It looks like school could be back in session in the near future.
That’s not something that everyone is celebrating. There is concern about whether children and administrators should go back to school if they are not vaccinated against COVID-19.
We ran a story in the Wednesday edition of the Antelope Valley Press, detailing how soon local schools could return to in-classroom learning.
We posted the story to our Facebook page, like we do with all top stories of the day, and we got some comments on there, asking about those teachers who don’t want to get vaccinated.
One question asked whether teachers who refuse the shot would be allowed to work at home.
We don’t have the answer to that, but it’s what the community is talking about — and it’s a good question.
If teachers and administrators are required to get vaccinated before returning to in-person learning, how will it work for those who refuse?
We think overall, it’s a good idea to get the vaccination. It will not only protect the teacher, but the students with whom they come in contact. However, we also recognize the freedom to choose. Until the skepticism regarding the effectiveness against other variants of COVID-19 is addressed and we know whether the vaccine will be effective, it’s going to be a hard sell to those folks who refuse to get it.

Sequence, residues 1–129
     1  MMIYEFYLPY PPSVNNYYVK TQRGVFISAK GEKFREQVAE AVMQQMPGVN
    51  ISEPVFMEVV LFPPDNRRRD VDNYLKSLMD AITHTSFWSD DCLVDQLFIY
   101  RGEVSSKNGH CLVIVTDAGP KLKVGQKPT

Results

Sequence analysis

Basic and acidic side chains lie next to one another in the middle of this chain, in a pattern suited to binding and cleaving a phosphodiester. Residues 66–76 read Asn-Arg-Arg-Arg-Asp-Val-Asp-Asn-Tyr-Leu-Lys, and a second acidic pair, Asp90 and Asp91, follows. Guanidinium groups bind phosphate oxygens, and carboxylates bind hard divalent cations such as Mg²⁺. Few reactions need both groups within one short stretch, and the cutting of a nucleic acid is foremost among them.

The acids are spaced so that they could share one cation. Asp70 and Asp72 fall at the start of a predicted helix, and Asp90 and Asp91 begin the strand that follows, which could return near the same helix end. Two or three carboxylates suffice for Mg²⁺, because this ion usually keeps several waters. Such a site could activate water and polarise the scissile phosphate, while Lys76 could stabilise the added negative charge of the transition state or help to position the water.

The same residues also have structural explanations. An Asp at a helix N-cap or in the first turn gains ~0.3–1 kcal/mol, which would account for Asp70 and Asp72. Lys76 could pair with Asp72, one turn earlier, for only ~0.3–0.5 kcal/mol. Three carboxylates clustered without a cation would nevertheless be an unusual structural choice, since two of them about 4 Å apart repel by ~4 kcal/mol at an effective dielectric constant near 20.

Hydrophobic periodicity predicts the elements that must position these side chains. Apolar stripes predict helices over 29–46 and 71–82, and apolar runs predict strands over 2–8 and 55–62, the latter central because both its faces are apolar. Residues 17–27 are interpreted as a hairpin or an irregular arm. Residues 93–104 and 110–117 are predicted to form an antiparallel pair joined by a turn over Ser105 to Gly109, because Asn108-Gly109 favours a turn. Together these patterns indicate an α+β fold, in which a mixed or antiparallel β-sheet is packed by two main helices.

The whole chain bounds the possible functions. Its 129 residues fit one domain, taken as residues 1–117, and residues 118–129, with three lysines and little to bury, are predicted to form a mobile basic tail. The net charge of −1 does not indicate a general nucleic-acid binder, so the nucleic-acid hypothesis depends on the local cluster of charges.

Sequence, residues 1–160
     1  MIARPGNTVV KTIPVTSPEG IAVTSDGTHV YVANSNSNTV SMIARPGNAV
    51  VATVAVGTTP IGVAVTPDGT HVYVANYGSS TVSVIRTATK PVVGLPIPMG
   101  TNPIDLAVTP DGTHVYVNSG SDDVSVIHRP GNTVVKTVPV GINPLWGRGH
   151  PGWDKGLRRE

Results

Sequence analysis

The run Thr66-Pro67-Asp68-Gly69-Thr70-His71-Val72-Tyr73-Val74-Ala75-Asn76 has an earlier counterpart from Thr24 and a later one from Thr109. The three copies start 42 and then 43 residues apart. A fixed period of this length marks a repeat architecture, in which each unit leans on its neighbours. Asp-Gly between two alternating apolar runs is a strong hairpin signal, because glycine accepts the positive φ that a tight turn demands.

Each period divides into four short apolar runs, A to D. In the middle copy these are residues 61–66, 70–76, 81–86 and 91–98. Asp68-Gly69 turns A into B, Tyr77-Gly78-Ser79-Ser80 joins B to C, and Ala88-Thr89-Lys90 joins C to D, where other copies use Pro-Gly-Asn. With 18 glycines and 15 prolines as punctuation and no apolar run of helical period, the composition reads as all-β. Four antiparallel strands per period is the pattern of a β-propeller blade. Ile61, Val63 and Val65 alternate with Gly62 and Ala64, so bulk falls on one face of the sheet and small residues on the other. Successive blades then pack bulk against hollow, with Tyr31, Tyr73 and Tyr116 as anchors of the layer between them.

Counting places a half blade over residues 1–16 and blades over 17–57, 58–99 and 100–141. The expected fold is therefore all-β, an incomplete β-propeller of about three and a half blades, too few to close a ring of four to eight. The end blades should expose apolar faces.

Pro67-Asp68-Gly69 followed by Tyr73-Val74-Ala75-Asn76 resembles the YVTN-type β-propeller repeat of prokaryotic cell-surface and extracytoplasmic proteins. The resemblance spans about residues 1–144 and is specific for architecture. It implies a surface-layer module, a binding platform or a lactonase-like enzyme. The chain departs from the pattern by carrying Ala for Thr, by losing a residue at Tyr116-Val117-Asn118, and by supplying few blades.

So what’s the solution if teachers refuse it? Does that mean they don’t get to return to work and must work from home?
Or does it mean that they get to stay home, but won’t be working? It’ll be interesting to see how this situation is handled.
Schools, regardless of how well they are cleaned, are often hotbeds for spreading viruses such as the common cold. Even with safety precautions in place, it’s possible that COVID-19 will spread between students and, ultimately, teachers.
It would make sense for those returning to in-person learning to get vaccinated, but you can’t convince some people, regardless of science and statistics.